How to craft a great nonprofit elevator pitch to donors
While it would be nice to think you don’t have to sell donors on the importance of the cause your nonprofit supports during fundraising, the truth is you need to convey all the nonprofit does very quickly. According to Classy, creating an elevator pitch is more often associated with filmmakers, writers and entrepreneurs, but it is just as successful for those who are trying to raise money for a worthy cause. Any development professionals will tell you the importance of being able to express your organization’s mission quickly and concisely.
Classy reported most big donors will take a considerable amount of time before making a contribution. Every once in a while, nonprofit personnel need to pitch the organization in a minute or less. While long term donor management is key, don’t give up on the possibility of convincing someone to make a donation on the fly. Here’s what you need to think about when creating a quick pitch to give donors:
Start with one sentence
Every pitch should start with a sentence that grabs the potential donor. Think of what your nonprofit actually does and try to express that in a memorable way. According to Clarification, a nonprofit coaching website, the first sentence can be something unexpected. In fact, an unique opening can be a great way to draw in a potential donor. Just make sure it’s not too off the wall. From there, you can expand and explain the organization in further detail.
Describe the organization concisely
Classy suggested you try to describe your organization. Once you have a full description, work to shorten, simplify and clarify that description. This doesn’t mean you should dumb down your message, it simply means you need to cut out any nonessential parts. Anything that’s not paramount to donors you can leave out.
Think about the organization’s mission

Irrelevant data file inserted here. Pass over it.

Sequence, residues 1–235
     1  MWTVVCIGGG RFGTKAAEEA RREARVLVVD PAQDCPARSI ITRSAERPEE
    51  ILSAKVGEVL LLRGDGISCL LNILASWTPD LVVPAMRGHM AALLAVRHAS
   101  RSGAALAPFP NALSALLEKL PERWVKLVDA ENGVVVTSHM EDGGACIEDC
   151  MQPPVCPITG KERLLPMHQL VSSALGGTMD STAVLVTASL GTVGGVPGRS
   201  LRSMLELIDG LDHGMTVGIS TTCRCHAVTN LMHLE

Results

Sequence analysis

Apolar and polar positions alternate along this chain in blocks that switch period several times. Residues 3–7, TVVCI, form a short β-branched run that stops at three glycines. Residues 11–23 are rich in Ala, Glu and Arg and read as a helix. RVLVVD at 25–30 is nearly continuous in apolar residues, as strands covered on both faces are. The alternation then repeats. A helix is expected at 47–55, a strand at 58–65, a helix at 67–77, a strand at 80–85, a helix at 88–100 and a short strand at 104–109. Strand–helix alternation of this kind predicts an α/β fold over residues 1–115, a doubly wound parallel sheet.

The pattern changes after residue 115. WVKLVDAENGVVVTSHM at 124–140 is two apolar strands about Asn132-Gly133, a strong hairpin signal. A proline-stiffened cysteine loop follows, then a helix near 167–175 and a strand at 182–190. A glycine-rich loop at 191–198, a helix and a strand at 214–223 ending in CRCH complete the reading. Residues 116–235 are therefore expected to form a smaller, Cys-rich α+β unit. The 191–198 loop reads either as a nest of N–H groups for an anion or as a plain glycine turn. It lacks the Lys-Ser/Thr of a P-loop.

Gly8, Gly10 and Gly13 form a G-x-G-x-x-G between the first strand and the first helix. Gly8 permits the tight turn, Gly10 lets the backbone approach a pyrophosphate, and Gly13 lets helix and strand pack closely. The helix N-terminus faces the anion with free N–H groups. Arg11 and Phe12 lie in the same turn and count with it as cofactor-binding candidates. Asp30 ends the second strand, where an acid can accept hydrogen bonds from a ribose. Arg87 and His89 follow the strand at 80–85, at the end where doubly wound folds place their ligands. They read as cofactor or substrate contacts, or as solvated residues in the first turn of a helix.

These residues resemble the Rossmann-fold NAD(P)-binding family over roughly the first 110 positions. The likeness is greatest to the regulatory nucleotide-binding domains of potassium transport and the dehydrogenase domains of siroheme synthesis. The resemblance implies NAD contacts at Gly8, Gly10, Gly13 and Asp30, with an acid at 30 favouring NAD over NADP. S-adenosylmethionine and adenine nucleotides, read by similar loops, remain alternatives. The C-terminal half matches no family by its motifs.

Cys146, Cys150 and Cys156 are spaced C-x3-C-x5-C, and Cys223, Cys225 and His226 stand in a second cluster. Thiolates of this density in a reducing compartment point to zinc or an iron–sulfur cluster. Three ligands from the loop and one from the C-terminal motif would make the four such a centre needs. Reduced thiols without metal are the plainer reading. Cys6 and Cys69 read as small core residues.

An important part of any nonprofit is its mission statement. It is highly important you utilize this in your pitch. Once again, you need to shorten and simplify as you did with the description. In most cases, it will be beneficial to find a way to combine the description with the mission statement. Another way to do this is to take the two tightly constructed entities and build a transition between the two. For some organizations, it will make more sense to discuss the description first then move to the mission. For other nonprofits, it might be smarter to start with the statement.
Tell your story
Another element of a strong pitch is the addition of something personal. A sentence or two about why you’re part of the nonprofit can go a long way with prospective donors. They may agree wholeheartedly with your reasons for joining and that can encourage them to assist during fundraising periods.
While you can’t always predict when you’ll need to pitch the importance of your organization, you need to be ready. Having a pitch put together beforehand can help when the right situation arises.
Although it’s not completely necessary, it can be good to carry a card or some type of literature on a regular basis to share with prospective donors. This supplemental information is something that they can take with them.